HM Revenue & Customs has announced new rules that will allow people donating goods to charity shops to make a one-off Gift Aid declaration covering sales of items worth up to £1,000 a year.
Under the current system, charities have to write to the person who donated an item after it is sold so the donor can confirm they are a UK taxpayer before Gift Aid can be claimed. They must offer the donor the choice of taking the money, minus a sales commission, or giving the money to the charity under Gift Aid.
HMRC announced today that, from April, donors will be able to sign a one-off Gift Aid declaration that covers donations for the relevant tax year up to a fixed level of sale proceeds. The amount is £1,000 for charities that run their shops as trading subsidiaries - the majority of charities that run shops - and £100 for charities that operate their shops directly.
The Charity Retail Association estimated that the changes would save UK charities millions of pounds in administration costs.
Warren Alexander, chief executive of the association, said: "This new process will significantly reduce administration and unnecessary correspondence for many of our members, reducing cost and cutting red tape for UK charities.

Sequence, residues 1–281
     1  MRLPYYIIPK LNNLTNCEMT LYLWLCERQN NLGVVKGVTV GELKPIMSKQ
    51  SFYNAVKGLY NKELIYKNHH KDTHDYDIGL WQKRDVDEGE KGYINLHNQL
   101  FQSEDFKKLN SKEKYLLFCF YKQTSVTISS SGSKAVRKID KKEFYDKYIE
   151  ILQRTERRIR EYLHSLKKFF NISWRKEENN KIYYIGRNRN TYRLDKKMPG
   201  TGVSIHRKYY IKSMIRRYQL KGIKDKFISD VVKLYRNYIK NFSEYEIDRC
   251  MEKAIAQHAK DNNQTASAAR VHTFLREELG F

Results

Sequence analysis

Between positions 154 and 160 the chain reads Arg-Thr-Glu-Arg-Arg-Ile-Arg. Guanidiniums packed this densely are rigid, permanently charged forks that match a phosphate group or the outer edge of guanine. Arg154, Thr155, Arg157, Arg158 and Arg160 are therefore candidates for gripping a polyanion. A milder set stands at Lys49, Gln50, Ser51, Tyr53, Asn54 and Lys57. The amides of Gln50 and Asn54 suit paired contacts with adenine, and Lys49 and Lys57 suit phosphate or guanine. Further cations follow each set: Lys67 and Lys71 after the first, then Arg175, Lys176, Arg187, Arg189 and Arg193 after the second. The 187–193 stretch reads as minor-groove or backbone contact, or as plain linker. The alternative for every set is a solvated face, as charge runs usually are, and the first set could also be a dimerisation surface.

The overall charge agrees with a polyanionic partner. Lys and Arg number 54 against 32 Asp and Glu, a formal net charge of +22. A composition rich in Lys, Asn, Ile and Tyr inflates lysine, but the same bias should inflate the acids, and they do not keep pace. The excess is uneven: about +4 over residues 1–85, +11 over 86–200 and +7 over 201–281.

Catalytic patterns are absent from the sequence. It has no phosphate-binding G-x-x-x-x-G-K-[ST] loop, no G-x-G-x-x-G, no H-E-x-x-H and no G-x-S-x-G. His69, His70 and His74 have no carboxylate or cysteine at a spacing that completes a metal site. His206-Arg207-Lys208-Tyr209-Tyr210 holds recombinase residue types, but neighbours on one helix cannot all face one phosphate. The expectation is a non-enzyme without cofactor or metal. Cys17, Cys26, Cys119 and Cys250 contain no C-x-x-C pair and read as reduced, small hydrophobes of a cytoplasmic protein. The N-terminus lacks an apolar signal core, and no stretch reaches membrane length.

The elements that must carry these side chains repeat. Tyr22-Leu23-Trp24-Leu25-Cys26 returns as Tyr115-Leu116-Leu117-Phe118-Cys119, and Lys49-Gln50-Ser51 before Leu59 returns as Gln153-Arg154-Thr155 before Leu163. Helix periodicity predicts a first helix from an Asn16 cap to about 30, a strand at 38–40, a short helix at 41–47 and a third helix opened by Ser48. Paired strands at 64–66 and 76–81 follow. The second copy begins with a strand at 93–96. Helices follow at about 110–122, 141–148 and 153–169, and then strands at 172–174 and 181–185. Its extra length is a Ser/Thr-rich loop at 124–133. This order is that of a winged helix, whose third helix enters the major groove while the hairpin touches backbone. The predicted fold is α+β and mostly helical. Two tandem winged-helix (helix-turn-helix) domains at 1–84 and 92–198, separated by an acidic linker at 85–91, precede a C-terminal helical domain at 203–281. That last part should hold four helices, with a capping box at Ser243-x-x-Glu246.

"We will now be working with HMRC and our members on the final details, and on ensuring that charities understand what they need to do to take advantage of the new processes and comply with HMRC requirements."
Paul Farmer, chief executive of the mental health charity Mind, which has 126 UK shops, said the changes would save the charity tens of thousands of pounds.
"This is really good news," he said. "We know that the Gift Aid system put in place by HMRC has been very bureaucratic and burdensome for those of us that run charity shops.
"Ninety-nine per cent of people who have signed up to Gift Aid have said that it is fine to Gift-Aid that amount when contacted. This should reduce bureaucracy for charity shops and HMRC."
Farmer said feedback from donors suggested they did not understand why the charity was writing to them about Gift Aid when they had already filled in a form in the shop.
Sajid Javid, Economic Secretary to the Treasury, said: "I’m delighted that we’ve been able to work with the charity sector to make Gift Aid simpler and less costly for charity shops. Gift Aid income from these shops is important for many charities, and we want to reduce the associated administrative costs as much as possible."